10 Replies Latest reply on Jul 3, 2015 8:58 AM by 6b251803a89899b5bc8c7709db4c78261ad820a5

    Mailed By em-sj-77.mktomail.com - How to Fix?

      We are having issues with certain organizations when the Mailed By doesn't reference our organization. Especially with our customers. Therefore they are not getting our emails. They are also not able to white-list us due to certain organizational circumstances.


      Could you please provide me with information to as how to fix this without white-listing.


      Thank you!

        • Re: Mailed By em-sj-77.mktomail.com - How to Fix?

          Could you expand on why you can't be whitelisted? I have a sneaking suspicion that the two situations are related.

          • Re: Mailed By em-sj-77.mktomail.com - How to Fix?
            Courtney Grimes

            Hi Alexis,


            I'm a little surprised that any mailed-by discrepancies would be blocked; more and more businesses are using services like Google Apps for Work, so there's less incentive than ever for IT teams to block based solely on that. What may be more likely, however, is how the rest of your identifying information is sent in the envelope of the email—is your domain being shown as signed-by on your outgoing emails from Marketo?


            Also, if you could provide the domain you're using for your mailings, it would be appreciated.

            • Re: Mailed By em-sj-77.mktomail.com - How to Fix?
              Edward Unthank (ETU)

              I assume this is what you're talking about (screenshot)?


              Before DKIM/SPF setup:


              After DKIM/SPF setup:


              This is from not having DKIM/SPF set up for Marketo. Once you get DKIM/SPF set up, this goes away! Here's the instructions page, and it takes some back-and-forth to get this configured: Set up SPF and DKIM for your Email Deliverability - Marketo Docs - Product Docs



              Edward Unthank | Founder, Etumos

              1 of 1 people found this helpful
                • Re: Mailed By em-sj-77.mktomail.com - How to Fix?

                  So, these have been set up for a while that isn't the problem. The problem is this part of the email:

                  Mailed By em-sj-77.mktomail.com

                  How can this get fixed.

                    • Re: Mailed By em-sj-77.mktomail.com - How to Fix?
                      Josh Hill



                      These should disappear in most email viewers if DKIM is properly setup. It sounds like it is not recognized or it is no longer working.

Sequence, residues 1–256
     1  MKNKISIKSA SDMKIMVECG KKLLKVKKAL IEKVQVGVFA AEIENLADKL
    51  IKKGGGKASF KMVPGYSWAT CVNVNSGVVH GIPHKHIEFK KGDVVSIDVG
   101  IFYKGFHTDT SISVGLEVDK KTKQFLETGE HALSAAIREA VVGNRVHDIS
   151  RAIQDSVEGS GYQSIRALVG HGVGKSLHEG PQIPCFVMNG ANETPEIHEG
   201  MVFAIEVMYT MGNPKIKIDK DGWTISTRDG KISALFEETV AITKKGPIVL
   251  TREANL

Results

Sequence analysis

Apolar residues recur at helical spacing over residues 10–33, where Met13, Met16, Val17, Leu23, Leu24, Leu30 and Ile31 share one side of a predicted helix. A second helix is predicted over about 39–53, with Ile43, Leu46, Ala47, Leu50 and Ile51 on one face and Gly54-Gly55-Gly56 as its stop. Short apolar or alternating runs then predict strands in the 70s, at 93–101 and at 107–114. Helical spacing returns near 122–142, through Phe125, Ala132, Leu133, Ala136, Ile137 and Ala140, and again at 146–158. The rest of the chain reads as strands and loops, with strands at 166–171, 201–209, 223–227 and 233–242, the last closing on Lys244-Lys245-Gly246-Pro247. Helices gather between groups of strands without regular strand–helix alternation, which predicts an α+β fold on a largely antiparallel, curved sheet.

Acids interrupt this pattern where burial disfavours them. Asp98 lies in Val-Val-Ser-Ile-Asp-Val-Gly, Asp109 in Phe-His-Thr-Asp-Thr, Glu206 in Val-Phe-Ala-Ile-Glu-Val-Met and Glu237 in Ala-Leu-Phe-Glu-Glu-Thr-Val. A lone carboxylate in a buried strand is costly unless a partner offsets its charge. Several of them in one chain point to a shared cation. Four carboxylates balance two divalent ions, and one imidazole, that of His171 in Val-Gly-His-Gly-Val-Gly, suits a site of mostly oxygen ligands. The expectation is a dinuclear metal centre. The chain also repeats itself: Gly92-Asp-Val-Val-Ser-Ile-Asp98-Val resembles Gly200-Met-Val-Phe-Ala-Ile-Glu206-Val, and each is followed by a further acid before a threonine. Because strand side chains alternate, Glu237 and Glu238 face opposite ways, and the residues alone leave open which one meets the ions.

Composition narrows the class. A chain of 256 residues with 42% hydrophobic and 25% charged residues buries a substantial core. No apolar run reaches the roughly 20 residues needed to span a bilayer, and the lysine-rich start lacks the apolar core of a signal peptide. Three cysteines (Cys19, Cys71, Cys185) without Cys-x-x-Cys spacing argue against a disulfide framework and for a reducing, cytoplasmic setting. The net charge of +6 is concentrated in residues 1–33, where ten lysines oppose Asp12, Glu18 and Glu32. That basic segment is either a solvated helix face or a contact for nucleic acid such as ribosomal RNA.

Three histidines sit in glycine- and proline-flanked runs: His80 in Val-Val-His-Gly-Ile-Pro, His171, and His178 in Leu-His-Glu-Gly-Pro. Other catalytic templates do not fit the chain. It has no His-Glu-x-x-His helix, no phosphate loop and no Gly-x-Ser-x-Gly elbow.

AFAIK this has some impact on deliverability, but has nothing to do with whitelisting, which is an action the target server or user makes.


                      If you send us your domain, we can look it up. or you can test this at mxtoolbox.com and look for TXT or SPF records.


                      Also visit Admin > Email > DKIM to see if this is setup. Older instances may not show an existing DKIM if you set that up.

                      • Re: Mailed By em-sj-77.mktomail.com - How to Fix?
                        Sanford Whiteman

                        Let me clarify some technical details because there's likely some misunderstanding here (not that such misunderstanding is causing the problem, but it complicates the discussion!).


                        1. Mailed By is not a standard SMTP header, nor standard SMTP terminology.  However, you will see it used in two fairly well-known places:
                          • Some mail senders (such as the PHP-Mailer SMTP library) will add the header Mailed-By to indicate the hostname of the sending server, for example webhost1.dreamhost.com.  This is actually an extremely broken approach, since (a) non-standard headers must be prefaced by X-, so it actually should be X-Mailed-By, but more important (b) it represents a security issue as the internal hostname should not be leaked to the outside world.  Enabling this header is highly discouraged.  NOTE: this header has nothing to do with your issue, but I wanted to add it for completeness because it will come up when Googling around and has confused others.
                          • Some mail clients (such as GMail) will add the annotation mailed-by (lower case) to indicate the domain that passed an SPF check for a message.  The annotation is generated within GMail based on the message's envelope sender, not copied from a header field (though we can usually derive the value from the headers, that's not where GMail gets the value).  For Marketo-generated emails, this domain is always <some-server-name>.mktomail.com.  That's because messages sent via Marketo have the envelope sender <unique-verp-id>@<some-server-name>.mktomail.com.  The envelope sender is independent of the From: and Reply-To:, which you would customize to match your customer domain.  SPF operates on envelope senders, not message headers: it's for this reason that, despite a lot of mythmaking, the SPF record for your domain is actually irrelevant for Marketo emails.  If you send from alexis@crawford.com via Mkto, the recipient's server looks up the SPF record for em-sj-77.mktomail.com, not the record for crawford.com.
                        2. As above, if you see the annotation mailed-by in a webmail client, that is almost always a good thing because it means the message passed SPF.